Don't Forget About UIMottionEffect

UIMotionEffects was first introduced in iOS 7. The WWDC session which presented this, amongst other cool things, is named Implementing Engaging UI on iOS. Nevertheless, UIMotionEffects is still overlooked. But not today, let’s make something cool with it.

Motion effects is an easy way to react to external variations on the device’s orientation. To say, UIKit performs UI changes whenever the user tilts the device, vertically or horizontally.

Let’s use UIInterpolatingMotionEffect a subclass of UIMotionEffects, with MapKit. Notice how appealing it is.

Sweet, right?

Achieving it, is easier than you think. Just a few lines of code and you’re good to go:

var horizontalMotionEffect = UIInterpolatingMotionEffect(keyPath: "center.x", type: .TiltAlongHorizontalAxis)
horizontalMotionEffect.minimumRelativeValue = -100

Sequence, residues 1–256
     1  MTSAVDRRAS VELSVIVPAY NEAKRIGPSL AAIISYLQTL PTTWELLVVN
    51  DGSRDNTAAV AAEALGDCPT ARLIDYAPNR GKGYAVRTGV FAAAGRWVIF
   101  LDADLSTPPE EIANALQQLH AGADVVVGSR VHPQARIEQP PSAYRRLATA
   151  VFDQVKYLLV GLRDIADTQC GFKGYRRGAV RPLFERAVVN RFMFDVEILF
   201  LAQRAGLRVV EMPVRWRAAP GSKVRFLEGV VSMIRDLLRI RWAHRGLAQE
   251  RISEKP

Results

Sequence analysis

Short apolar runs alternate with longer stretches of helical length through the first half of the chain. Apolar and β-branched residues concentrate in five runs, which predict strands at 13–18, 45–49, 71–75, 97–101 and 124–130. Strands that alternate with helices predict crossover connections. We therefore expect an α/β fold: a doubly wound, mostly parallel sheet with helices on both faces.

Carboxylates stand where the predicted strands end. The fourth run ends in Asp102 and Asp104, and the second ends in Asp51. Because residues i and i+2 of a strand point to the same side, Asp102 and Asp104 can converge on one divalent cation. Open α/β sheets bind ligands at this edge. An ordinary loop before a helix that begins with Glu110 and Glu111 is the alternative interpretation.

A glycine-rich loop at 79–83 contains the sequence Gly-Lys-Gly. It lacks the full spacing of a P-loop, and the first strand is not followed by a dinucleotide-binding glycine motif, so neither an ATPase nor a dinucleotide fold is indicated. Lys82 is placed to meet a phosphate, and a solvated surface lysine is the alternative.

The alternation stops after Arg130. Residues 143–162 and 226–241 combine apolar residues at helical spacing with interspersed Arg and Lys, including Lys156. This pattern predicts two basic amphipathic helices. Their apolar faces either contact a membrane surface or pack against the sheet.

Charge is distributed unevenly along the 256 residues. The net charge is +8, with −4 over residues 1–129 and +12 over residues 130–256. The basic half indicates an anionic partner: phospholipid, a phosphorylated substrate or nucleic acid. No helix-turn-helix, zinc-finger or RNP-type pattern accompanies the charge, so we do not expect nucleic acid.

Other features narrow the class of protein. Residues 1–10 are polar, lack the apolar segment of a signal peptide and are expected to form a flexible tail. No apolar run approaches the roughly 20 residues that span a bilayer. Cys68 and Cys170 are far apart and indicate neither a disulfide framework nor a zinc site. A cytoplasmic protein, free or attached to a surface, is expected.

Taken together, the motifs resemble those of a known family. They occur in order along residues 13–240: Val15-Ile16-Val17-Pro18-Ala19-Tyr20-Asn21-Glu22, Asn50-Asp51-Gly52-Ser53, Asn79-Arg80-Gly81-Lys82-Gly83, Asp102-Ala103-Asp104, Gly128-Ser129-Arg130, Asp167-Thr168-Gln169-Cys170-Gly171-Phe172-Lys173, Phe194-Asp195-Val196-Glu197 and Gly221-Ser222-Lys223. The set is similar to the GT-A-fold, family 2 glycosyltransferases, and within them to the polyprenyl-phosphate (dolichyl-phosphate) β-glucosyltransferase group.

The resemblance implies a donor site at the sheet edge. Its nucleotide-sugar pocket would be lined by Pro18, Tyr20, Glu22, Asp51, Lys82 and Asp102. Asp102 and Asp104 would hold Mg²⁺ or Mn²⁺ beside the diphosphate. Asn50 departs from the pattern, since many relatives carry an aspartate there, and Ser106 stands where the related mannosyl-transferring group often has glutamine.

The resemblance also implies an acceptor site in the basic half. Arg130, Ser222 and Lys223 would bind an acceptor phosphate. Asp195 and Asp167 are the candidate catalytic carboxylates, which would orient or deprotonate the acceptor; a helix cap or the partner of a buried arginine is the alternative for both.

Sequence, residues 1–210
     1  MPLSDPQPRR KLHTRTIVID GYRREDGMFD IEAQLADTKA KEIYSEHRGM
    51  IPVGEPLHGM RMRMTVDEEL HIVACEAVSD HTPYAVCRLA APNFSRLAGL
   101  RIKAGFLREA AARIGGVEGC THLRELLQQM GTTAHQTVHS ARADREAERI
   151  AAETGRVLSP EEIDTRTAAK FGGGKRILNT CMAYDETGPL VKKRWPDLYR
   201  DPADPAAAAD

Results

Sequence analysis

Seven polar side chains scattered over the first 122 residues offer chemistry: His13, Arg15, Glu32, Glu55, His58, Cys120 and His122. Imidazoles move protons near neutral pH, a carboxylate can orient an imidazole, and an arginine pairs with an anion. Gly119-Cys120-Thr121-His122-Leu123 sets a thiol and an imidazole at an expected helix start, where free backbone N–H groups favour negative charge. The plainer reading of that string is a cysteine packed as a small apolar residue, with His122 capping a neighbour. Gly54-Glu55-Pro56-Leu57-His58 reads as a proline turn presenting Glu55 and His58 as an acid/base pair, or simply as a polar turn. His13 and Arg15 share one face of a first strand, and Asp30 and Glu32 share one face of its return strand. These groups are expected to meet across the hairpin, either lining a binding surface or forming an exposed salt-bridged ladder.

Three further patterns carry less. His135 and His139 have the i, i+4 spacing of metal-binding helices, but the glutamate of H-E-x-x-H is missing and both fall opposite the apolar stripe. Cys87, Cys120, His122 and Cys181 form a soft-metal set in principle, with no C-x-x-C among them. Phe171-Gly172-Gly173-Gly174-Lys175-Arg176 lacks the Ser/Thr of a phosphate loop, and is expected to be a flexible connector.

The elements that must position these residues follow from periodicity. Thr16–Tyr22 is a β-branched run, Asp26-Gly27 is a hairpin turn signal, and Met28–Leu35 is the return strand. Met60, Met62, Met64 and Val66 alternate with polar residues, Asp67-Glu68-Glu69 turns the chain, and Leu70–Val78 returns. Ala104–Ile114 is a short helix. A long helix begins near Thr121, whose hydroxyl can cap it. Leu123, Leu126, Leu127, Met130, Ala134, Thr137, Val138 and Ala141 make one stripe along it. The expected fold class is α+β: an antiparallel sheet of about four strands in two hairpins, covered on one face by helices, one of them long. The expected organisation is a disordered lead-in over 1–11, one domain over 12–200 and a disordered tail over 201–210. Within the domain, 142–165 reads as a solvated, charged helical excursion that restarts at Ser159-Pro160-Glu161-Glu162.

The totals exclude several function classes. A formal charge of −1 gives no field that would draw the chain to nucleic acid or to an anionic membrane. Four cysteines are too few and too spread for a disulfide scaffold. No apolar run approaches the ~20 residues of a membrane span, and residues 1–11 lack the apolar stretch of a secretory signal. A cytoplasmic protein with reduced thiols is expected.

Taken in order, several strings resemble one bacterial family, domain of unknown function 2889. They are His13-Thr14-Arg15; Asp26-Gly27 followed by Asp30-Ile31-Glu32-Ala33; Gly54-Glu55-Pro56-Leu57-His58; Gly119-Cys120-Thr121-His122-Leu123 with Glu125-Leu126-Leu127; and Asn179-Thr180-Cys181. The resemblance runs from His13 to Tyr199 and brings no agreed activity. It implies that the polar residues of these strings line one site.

horizontalMotionEffect.maximumRelativeValue = 100


Think of minimumRelativeValue and maximumRelativeValue as leading and tralling constraints, respectivily, to its superview.

That’s why you have to create the UIView, MKMapView in this case, outside its superviews bounds. Like so:

As the user tilts the device, UIInterpolatingMotionEffect translates the fixed offset values returned by the system to the range of specified values, then UIKit applies the translated values to any target views.

Don’t forget about this! Details matters and it’s what users love in mobile apps!